The Internet is crammed full of awesome technology and interesting interactive tools. While design trends change as fast as public opinion, however, the latest craze isn’t always the best feature for a commercial site.

In some cases, the designs and web components you thought were super cool when you added them actually turn consumers off. Here are five trends you’re better off not including in your sites.

1. Auto-Play Media

Your consumers aren’t dumb. If they’ve made it to your site successfully, they can probably figure out how to press the play button on your embedded audio or video. Why not let them make the decision to do so on their own?

Put yourself in a user’s shoes! When they visit your site and some commercial starts playing, it makes it harder to read your content or focus on the original reason for their visit. It’s also extremely annoying, and if you distract people with enough of these nuisances, they may forget to make a purchase or decide to seek one of your quieter competitors.

2. Overabundant Social Media Widgets

Social media is nice in limited quantities because it increases brand presence and facilitates interaction. Too much social media makes conversions a near impossibility. Especially if you have too much on a landing page, then you are risking losing a lot of traffic.

Just like video and audio content, social media buttons distract people from making purchases. This is especially true for pages that repeat the same widgets or buttons multiple times. People don’t need to be able to Like your product and Like your company from an e-commerce description page. Research which form of social media interaction is most lucrative, and simply stick to that.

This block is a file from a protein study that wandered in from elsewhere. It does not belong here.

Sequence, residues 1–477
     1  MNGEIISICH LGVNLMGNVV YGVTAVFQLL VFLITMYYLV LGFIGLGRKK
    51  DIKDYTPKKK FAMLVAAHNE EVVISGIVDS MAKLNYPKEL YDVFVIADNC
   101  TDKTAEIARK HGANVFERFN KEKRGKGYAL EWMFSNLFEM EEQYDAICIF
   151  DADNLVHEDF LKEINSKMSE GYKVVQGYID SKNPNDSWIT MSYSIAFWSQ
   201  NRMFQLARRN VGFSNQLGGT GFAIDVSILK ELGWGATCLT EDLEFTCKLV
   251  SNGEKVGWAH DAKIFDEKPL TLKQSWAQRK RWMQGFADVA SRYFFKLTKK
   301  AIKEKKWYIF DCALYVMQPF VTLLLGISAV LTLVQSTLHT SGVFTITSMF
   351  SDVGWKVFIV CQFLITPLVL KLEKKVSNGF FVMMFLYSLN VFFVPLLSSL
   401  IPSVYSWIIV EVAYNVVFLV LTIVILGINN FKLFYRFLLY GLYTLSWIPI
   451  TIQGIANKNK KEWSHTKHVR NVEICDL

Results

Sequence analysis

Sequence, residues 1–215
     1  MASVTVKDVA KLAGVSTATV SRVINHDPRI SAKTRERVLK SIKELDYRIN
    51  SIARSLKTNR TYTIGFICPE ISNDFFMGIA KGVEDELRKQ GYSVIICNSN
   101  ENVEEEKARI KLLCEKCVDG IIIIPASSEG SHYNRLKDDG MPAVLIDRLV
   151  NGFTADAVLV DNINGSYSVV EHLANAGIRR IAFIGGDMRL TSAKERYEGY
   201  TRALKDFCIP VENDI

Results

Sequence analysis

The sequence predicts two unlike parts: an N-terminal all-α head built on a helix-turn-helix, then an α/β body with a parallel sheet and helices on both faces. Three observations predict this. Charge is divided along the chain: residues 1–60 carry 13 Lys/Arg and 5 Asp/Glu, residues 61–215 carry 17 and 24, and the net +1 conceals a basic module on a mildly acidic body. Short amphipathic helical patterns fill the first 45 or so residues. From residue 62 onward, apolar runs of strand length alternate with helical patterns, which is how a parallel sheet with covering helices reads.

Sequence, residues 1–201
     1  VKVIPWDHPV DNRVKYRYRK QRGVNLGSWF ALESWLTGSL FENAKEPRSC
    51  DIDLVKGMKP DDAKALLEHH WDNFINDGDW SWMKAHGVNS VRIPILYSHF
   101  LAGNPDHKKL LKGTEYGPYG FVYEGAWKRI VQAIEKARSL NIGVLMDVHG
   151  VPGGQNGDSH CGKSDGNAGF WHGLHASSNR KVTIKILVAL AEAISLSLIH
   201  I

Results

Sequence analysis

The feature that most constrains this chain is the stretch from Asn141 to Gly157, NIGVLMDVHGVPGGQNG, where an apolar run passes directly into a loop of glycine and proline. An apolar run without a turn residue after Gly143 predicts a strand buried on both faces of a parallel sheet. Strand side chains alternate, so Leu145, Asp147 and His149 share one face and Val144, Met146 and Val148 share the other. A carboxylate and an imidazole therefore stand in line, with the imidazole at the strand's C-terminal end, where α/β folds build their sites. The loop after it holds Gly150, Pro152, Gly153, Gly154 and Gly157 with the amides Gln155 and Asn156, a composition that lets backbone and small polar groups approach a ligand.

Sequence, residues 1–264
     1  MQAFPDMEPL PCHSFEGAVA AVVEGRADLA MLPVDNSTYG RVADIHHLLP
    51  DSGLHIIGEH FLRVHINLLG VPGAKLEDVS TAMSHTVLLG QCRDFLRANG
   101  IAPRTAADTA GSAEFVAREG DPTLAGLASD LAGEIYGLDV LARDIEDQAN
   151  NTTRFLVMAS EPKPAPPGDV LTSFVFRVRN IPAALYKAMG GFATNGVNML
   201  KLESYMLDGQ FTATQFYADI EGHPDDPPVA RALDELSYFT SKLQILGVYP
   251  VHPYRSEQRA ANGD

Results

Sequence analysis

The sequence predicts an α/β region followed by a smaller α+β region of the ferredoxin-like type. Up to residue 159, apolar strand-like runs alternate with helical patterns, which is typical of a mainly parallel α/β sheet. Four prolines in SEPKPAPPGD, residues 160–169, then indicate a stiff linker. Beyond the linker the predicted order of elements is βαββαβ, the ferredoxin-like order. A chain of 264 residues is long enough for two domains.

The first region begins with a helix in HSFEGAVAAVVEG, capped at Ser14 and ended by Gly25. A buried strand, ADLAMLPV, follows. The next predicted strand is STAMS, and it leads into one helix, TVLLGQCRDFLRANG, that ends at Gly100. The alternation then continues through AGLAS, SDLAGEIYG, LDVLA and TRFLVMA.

3. Huge Graphics

Images are indeed worth many words, but that doesn’t mean you can use pictures with reckless abandon. Big images that look good on your test server take longer to load. This can make your pages seem less professional, not to mention unresponsive. If you must include high-resolution image files, such as backgrounds and product samples, be certain to use content delivery networks to minimize user load times.

4. Mobile-Exclusive Website Versions

Websites ought to cater to user browsing preferences and platform choices. Should your servers automatically detect when a visitor checks in on their smartphone and deliver a custom site to match?

While everyone agrees that you need to accommodate phone and tablet screens, differentiating between mobile and standard site versions can turn some people away if they’re used to shopping on their laptops or computers. Sites with multiple versions are also harder to maintain. Using a fluid layout that adapts to the screen size instead of the device family is a great way to handle mobile users without muddying the waters.

5. Infinite Scrolling Layouts

Don’t get us wrong, infinite scrolling looks great on some image-heavy news sites, but it makes e-commerce interactions a nightmare. A consumer who wants to research your product or service offerings isn’t going to scroll for days to reach a specific blog or description, and among mobile users confined to swipe gestures, only the dedicated or truly idle will persist trying to navigate your site. Make things easier by providing simple navigation that includes placeholders people can refer back to.

Did I miss any web design trends your customers can’t stand? Let me know in the comments, or read my other posts.